Inevitably, there are those in our society that fail to understand the story Todd Phillips wants to tell. They view this movie through their narrow perspective that says everything Joker accomplished was due to his whiteness. They confirm their bias when refusing to contemplate and understand what this movie actually is. For example, Lawrence Ware of The New York Times writes, “what struck me most is what the film wants to say-about mental illness or class divisions in American society is not as interesting as what it accidentally says about whiteness. For it is essentially a depiction of what happens when white supremacy is left unchecked. It shows the delusions that many white men have about their place in society and the brutality that can result when that place is denied. The fact that the Joker is a white man is central to the film’s plot. A black man in Gotham City in 1981 suffering from the same mysterious mental illness as Fleck would be homeless and invisible. He wouldn’t be turned into a public figure who could incite an entire city to rise up against the wealthy. Black men dealing with Fleck’s conditions are often cast aside by society, ending up on the streets or in jail.”  Lawrence Ware utterly fails to comprehend what the Joker narrative is intended to be and instead, turns the movie into a racial issue. Ware believes Joker is an example of white supremacy and that the difference, power, and discrimination present in this film are products of race. He ignores the obvious implications of classism and the story of how society reacts when oppressed by elites that look down upon them. The lower echelons of society are meant to be followers, subservient to our leaders, the elites, the 1%. Whether intentional or not, Todd Phillips has painted a vivid picture of what is happening to our own society. Our own society is struggling with an imbalance of power and wealth. In fact, the extremely wealthy, continue to become richer, while the rest of us struggle to meet the demands of day to day life.

 

Joker tells the story of what happens when a society is pushed to the brink. The lower class is choking under economic pressures and inability to care for themselves because the jobs they rely on are disappearing. Their problems are capitalized when the wealthiest man in Gotham calls them clowns and instructs them to follow him, as he is their salvation. Like Gotham, our society has experienced rapid economic growth that disproportionately benefits the upper class. According to Reuters, our society is struggling with the fact that the wealthiest fifth of Americans hold 88% of the country’s wealth, while the number of people receiving foods stamps has gone up to 39 million, a 40% increase from 2008. Joker personifies our society, showing us what happens when a person pushed to the brink can become.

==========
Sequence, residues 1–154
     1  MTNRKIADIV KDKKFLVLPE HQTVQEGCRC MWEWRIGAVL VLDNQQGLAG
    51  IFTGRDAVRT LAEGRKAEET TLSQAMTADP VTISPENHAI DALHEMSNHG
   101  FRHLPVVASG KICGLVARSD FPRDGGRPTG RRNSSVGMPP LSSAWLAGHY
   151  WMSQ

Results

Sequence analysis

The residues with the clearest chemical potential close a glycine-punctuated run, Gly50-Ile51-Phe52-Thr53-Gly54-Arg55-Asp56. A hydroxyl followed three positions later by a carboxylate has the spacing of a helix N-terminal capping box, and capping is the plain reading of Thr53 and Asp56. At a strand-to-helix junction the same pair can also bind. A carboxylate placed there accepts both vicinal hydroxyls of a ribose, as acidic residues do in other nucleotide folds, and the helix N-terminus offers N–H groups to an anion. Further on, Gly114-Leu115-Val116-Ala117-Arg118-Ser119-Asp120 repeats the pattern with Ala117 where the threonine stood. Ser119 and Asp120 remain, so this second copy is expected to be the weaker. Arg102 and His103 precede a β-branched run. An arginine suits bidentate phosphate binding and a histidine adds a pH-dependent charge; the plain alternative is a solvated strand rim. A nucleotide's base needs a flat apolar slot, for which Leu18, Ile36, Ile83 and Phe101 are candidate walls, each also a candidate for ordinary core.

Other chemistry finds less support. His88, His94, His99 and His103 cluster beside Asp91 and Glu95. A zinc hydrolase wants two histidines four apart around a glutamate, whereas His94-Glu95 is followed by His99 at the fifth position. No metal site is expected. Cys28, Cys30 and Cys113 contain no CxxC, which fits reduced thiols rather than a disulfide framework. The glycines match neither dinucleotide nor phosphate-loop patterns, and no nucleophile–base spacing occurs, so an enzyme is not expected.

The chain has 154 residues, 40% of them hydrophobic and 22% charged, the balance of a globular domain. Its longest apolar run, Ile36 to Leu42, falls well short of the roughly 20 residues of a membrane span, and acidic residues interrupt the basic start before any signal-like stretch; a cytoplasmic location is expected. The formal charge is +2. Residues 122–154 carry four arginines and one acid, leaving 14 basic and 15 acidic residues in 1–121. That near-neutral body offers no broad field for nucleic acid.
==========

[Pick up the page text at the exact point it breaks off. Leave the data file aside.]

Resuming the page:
While Joker lashes out and seeks to become a bully for fun, he unintentionally becomes a rallying point for the disillusioned lower class of society that is fed up with the status quo. That his outbursts become violent is simply a by-product of his desire to be heard by society. Now that he understands how truly awful society is, Joker gleefully goes on a rampage bullying those who have bullied him. He seeks retribution and will stop at nothing to avenge himself. If people die, so be it.

 

References

Brown, Elizabeth Nolan. “Everyone Is Getting Joker Wrong.” Reason.com, Reason, 8 Oct. 2019, reason.com/2019/10/08/everyone-is-getting-joker-wrong/.

 

Debney, Ben. “Liberals, Class and the Joker Complex.” CounterPunch.org, 6 Oct. 2019, www.counterpunch.org/2019/10/11/liberals-class-and-the-joker-complex/.

 

Gerain, Charles. “Review: JOKER Is Disturbing and Captivating.” Blackwell Journal-Tribune, Service Blackwell & Kay County since 1915, 14 Oct. 2019, www.blackwelljournaltribune.net/articles/10993/view.

 

Hunnicutt, Trevor. “Rich Get Richer, Everyone Else Not so Much in Record U.S. Expansion.” Reuters, Thomson Reuters, 2 July 2019, www.reuters.com/article/us-usa-economy-expansion-contrasts/rich-get-richer-everyone-else-not-so-much-in-record-u-s-expansion-idUSKCN1TX0HE.

 

Ware, Lawrence. “The Real Threat of ‘Joker’ Is Hiding in Plain Sight.” The New York Times, The New York Times, 9 Oct. 2019, www.nytimes.com/2019/10/09/movies/joker-movie-controversy.html.

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Difference, Power, and Discrimination in Film and Media: Student Essays by Students at Linn-Benton Community College is licensed under a Creative Commons Attribution-NonCommercial 4.0 International License, except where otherwise noted.